An ultrasound of the abdomen with Doppler was completely normal. Blood culture was positive for Brucella melitensis and brucella serology was strongly positive and therefore he was started on doxycyclin and gentamycin. Screening test for viral hemorrhagic fever was done upon his arrival because of the presence of fever, subconjunctival hemorrhage, and living in two endemic areas. The test was strongly positive for dengue IgM with a titer of 1:2560. Liver histology showed intact architecture with heavy infiltration of the portal tracts by a mixture of mainly neutrophils and eosinophils. There was prominent canalicular cholestasis and Kupffer cell hyperplasia but no granulomas were seen.

The patient showed significant improvement both clinically and biochemically after starting anti-brucella treatment. His liver profile returned to normal values within 6 weeks from the commencement of treatment.

We opted to test the patient’s mother for dengue fever in view of the above findings. Serological tests were done on a previously stored sample taken at the start of her illness which revealed strong dengue fever seropositivity (IgM) with a titer of 1:1280.

DISCUSSION

Brucellosis is a febrile zoonotic infectious disease that has a tendency toward chronicity and is capable of multisystem involvement.[4] It is caused by facultative intracellular bacteria that can multiply within phagocytic cells in different tissues. In many developed countries, brucellosis is considered an endemic disease and although rarely fatal, it is associated with significant morbidity to the infected host.[5] In Saudi Arabia, brucella is reported as endemic in many regions including the central, north, and south regions.[6,7]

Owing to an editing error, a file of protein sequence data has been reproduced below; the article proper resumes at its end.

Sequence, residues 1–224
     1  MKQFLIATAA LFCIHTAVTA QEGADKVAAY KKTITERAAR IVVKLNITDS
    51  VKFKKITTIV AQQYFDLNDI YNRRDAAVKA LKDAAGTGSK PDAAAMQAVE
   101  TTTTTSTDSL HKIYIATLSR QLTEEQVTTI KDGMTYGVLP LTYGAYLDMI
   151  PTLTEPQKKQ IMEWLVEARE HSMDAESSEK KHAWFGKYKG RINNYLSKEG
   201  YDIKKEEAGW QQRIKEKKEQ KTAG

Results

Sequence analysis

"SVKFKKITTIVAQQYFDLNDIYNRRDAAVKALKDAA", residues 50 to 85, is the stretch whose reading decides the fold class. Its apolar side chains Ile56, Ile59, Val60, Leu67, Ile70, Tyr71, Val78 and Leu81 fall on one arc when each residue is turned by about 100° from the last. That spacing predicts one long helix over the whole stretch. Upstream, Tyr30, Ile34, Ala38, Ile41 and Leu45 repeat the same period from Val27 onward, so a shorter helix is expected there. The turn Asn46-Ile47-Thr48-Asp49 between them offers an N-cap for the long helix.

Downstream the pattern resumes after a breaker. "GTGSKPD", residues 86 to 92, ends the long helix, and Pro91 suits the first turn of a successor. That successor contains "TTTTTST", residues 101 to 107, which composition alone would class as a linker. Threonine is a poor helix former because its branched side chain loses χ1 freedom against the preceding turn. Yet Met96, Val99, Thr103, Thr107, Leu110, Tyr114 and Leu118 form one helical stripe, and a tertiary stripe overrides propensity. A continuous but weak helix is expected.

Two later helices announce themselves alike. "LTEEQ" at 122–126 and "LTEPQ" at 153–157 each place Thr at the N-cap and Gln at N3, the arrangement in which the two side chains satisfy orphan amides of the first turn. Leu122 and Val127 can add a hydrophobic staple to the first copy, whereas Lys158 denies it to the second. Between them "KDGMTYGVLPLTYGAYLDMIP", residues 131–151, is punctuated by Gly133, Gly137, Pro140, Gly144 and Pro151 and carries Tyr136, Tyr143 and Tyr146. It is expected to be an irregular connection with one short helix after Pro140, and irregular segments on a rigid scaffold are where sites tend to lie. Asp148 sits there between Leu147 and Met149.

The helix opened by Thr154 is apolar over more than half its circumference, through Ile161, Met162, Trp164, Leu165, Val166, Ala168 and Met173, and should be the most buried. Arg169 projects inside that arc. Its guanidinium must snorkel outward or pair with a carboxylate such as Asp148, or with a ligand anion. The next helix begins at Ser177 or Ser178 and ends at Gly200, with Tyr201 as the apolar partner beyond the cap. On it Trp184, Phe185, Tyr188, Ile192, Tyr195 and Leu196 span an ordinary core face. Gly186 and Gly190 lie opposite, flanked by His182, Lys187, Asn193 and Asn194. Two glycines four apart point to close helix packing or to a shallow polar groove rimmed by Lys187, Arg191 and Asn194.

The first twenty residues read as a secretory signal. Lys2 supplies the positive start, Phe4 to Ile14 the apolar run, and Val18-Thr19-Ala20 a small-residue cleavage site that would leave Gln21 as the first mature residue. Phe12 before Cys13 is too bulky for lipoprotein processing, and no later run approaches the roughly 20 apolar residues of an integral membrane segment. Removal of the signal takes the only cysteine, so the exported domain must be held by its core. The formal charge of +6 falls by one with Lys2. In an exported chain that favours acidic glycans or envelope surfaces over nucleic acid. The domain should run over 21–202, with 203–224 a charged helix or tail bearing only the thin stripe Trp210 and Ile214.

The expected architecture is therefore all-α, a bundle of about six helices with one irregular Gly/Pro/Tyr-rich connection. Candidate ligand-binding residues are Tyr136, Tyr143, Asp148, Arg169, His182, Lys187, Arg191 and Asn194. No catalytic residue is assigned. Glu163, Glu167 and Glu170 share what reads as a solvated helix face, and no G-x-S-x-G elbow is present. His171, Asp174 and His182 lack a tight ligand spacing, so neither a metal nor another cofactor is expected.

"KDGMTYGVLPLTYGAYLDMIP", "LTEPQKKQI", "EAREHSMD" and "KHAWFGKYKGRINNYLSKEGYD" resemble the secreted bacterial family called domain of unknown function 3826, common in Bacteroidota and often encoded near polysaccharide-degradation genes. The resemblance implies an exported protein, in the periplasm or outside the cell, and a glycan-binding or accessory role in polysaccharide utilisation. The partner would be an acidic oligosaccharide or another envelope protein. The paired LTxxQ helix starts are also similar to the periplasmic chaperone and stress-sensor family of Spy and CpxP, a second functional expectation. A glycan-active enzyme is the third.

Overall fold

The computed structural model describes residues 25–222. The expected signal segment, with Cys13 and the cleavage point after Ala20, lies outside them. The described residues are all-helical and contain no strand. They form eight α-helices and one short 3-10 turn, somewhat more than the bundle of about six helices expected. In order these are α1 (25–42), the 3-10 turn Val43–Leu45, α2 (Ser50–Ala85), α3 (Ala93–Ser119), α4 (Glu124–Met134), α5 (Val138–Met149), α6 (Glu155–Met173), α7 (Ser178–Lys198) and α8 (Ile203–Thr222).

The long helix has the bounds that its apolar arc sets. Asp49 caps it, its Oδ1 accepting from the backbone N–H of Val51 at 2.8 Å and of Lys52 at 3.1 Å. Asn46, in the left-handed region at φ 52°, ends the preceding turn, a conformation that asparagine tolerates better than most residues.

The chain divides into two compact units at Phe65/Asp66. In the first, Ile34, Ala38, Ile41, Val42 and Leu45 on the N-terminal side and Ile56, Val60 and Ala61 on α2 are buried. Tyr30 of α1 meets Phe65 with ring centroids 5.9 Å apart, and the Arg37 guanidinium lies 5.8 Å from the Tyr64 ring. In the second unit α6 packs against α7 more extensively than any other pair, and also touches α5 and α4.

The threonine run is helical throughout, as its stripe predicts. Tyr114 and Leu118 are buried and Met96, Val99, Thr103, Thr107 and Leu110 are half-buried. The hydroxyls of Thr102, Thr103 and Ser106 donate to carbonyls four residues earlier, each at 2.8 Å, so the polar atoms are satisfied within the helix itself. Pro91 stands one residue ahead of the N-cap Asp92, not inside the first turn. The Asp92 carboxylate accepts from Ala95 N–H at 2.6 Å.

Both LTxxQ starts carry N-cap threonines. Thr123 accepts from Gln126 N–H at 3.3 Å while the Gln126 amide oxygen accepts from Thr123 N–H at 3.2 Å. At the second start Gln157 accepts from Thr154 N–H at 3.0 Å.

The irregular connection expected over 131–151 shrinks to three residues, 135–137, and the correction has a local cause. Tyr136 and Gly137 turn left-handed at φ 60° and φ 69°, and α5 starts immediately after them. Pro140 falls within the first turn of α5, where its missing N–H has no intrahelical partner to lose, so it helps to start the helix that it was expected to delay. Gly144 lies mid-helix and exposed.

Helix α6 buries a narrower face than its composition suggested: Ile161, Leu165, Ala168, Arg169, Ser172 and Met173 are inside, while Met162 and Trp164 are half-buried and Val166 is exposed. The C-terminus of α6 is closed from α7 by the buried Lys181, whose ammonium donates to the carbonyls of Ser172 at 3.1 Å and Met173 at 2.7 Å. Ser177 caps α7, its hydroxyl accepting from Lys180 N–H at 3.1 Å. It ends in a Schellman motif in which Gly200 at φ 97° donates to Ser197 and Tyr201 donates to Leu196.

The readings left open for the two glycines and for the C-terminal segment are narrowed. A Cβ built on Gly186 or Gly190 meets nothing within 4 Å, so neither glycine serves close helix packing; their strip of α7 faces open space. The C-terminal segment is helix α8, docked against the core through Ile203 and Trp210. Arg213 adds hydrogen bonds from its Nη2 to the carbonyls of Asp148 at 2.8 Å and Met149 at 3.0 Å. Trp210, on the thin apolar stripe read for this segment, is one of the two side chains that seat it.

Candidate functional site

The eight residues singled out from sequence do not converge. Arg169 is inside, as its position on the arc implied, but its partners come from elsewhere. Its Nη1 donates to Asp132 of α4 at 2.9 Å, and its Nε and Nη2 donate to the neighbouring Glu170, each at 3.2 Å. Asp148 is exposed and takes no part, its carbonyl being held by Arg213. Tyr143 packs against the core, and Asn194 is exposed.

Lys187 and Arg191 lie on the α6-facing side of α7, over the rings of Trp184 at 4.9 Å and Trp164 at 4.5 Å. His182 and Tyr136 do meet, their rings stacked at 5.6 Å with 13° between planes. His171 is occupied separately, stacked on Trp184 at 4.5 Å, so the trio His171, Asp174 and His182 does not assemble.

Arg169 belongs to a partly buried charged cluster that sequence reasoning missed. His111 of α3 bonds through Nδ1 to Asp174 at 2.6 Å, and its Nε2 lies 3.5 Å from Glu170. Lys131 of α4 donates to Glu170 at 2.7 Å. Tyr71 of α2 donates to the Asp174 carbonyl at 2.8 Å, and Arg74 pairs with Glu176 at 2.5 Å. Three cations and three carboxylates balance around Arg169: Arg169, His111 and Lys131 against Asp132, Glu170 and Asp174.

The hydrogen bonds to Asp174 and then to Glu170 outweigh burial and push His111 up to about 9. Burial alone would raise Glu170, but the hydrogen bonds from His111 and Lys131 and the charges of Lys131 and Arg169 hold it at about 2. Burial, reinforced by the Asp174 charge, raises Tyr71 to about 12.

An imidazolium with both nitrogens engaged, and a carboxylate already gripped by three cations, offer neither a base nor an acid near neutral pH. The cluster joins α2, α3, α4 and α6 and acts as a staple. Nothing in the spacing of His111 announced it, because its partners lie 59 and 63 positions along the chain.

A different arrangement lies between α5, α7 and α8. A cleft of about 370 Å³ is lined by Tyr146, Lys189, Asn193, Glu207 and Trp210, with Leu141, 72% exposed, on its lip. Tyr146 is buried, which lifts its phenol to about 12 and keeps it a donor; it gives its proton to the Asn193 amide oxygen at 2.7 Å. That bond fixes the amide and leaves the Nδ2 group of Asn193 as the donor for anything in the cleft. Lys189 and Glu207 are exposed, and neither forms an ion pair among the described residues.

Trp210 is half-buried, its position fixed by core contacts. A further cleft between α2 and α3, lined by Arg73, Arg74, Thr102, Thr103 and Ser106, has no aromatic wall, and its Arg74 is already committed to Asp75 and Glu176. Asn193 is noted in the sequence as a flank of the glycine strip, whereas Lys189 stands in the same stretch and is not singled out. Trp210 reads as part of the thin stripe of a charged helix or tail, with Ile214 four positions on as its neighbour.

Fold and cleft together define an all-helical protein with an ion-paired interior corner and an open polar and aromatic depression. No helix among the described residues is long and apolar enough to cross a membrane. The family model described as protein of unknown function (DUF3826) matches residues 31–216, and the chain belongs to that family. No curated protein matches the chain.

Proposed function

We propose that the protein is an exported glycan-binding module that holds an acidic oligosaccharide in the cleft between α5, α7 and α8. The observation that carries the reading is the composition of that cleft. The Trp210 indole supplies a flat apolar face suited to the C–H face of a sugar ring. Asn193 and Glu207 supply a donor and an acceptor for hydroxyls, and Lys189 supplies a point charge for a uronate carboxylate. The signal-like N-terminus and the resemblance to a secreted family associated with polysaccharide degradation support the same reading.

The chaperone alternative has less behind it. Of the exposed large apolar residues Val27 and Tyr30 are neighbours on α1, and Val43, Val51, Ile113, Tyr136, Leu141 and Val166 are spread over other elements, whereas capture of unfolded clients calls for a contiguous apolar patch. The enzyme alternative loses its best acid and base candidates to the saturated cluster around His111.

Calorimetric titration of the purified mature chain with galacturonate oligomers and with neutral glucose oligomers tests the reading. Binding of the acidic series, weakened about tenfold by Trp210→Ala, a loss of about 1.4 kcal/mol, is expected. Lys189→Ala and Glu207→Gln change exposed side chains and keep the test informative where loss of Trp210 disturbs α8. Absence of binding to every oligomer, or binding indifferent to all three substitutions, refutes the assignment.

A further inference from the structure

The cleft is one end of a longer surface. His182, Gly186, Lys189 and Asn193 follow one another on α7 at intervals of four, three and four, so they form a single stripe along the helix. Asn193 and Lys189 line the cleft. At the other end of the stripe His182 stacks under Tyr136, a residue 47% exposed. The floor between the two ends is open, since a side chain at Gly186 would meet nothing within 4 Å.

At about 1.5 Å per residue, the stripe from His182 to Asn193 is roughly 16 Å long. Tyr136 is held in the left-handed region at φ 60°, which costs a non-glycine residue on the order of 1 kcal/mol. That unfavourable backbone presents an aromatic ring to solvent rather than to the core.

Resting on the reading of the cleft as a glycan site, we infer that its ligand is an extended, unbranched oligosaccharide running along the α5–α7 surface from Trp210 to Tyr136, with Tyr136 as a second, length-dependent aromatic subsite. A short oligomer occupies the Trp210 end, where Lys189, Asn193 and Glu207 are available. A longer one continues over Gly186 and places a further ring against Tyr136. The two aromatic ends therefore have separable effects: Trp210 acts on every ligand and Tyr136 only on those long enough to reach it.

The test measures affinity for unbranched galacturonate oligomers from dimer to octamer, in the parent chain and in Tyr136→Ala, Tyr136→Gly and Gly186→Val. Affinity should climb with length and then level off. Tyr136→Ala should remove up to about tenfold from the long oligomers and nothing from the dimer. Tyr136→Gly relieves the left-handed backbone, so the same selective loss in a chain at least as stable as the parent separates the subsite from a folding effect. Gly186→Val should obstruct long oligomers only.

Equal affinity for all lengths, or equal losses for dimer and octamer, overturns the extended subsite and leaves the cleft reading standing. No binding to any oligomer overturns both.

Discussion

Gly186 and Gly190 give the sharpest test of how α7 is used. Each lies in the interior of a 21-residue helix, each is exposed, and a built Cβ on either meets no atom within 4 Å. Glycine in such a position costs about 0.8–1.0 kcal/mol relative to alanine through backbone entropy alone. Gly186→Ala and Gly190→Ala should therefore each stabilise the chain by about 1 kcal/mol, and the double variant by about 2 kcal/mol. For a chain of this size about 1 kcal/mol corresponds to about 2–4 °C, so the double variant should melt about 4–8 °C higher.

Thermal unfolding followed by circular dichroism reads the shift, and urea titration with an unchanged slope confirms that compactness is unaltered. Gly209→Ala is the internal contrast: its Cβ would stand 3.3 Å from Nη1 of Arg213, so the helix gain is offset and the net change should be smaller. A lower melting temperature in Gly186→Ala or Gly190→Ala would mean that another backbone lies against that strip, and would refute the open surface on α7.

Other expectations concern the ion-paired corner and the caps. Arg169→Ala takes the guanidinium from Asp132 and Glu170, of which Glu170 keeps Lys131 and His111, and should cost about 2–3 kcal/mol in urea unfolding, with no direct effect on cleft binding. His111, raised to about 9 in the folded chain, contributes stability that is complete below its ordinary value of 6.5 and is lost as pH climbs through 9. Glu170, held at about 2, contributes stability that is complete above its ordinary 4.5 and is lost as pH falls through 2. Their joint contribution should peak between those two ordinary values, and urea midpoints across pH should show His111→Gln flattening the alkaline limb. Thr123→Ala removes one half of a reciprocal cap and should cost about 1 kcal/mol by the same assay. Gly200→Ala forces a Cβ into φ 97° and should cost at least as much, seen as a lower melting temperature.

Hepatic involvement in brucellosis is seen in 10 - 20% of patients.[1,2] Hepatomegaly is the most commonly reported hepatobiliary sign which occurs in up to one to two-thirds of patients,[8] although not always associated with abnormality in liver function. Hepatic inflammation was described in 10% of a University of Minnesota brucella series of 244 patients.[1] The level of ALT elevation in brucella hepatitis is described as modest and in majority of the patients is less than two to three times the upper limit of normal.[9]

Our patient has a definite active infection with Brucella melitensis as proven by positive blood culture and very high brucella titer and he had evidence of acute hepatitis clinically, biochemically, and histologically. Acute hepatitis, although a recognized feature of brucellosis, is however, very rare and only a few cases so far have been reported in the literature.[9,10]

Hepatic granuloma is relatively common in patients with chronic brucellosis,[1] while not being universal.[11] While our patient’s hepatic histology did not reveal granuloma, his level of transaminase elevation was also much higher than what has been described in brucella hepatitis. Pakistan is endemic for dengue hemorrhagic fever, and an epidemic was reported in the Western region of Saudi Arabia during the period of the patient’s illness. We performed dengue fever serology in our patient due to his atypical presentation for brucellosis and the presence of subconjunctival hemorrhages.